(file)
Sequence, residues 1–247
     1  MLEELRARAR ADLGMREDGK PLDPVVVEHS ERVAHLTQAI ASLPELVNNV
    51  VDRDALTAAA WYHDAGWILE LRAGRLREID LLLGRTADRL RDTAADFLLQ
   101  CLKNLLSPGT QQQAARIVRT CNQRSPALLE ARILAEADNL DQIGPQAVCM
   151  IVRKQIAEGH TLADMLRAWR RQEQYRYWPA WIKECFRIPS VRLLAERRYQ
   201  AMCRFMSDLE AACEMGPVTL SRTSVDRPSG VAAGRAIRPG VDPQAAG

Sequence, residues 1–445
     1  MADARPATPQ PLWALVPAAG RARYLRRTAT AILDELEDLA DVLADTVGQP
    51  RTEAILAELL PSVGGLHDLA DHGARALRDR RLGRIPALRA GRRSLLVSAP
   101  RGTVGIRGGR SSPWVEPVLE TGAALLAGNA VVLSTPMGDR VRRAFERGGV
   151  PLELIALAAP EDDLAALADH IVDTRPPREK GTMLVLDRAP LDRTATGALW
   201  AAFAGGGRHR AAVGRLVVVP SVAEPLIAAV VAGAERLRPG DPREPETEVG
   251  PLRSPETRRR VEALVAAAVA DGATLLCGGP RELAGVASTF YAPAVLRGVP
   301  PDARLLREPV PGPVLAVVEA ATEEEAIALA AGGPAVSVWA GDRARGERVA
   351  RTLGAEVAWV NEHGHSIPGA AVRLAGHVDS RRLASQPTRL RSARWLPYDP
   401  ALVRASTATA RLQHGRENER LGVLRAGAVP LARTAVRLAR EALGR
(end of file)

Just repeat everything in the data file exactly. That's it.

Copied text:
Sequence, residues 1–247
     1  MLEELRARAR ADLGMREDGK PLDPVVVEHS ERVAHLTQAI ASLPELVNNV
    51  VDRDALTAAA WYHDAGWILE LRAGRLREID LLLGRTADRL RDTAADFLLQ
   101  CLKNLLSPGT QQQAARIVRT CNQRSPALLE ARILAEADNL DQIGPQAVCM
   151  IVRKQIAEGH TLADMLRAWR RQEQYRYWPA WIKECFRIPS VRLLAERRYQ
   201  AMCRFMSDLE AACEMGPVTL SRTSVDRPSG VAAGRAIRPG VDPQAAG

Sequence, residues 1–445
     1  MADARPATPQ PLWALVPAAG RARYLRRTAT AILDELEDLA DVLADTVGQP
    51  RTEAILAELL PSVGGLHDLA DHGARALRDR RLGRIPALRA GRRSLLVSAP
   101  RGTVGIRGGR SSPWVEPVLE TGAALLAGNA VVLSTPMGDR VRRAFERGGV
   151  PLELIALAAP EDDLAALADH IVDTRPPREK GTMLVLDRAP LDRTATGALW
   201  AAFAGGGRHR AAVGRLVVVP SVAEPLIAAV VAGAERLRPG DPREPETEVG
   251  PLRSPETRRR VEALVAAAVA DGATLLCGGP RELAGVASTF YAPAVLRGVP
   301  PDARLLREPV PGPVLAVVEA ATEEEAIALA AGGPAVSVWA GDRARGERVA
   351  RTLGAEVAWV NEHGHSIPGA AVRLAGHVDS RRLASQPTRL RSARWLPYDP
   401  ALVRASTATA RLQHGRENER LGVLRAGAVP LARTAVRLAR EALGR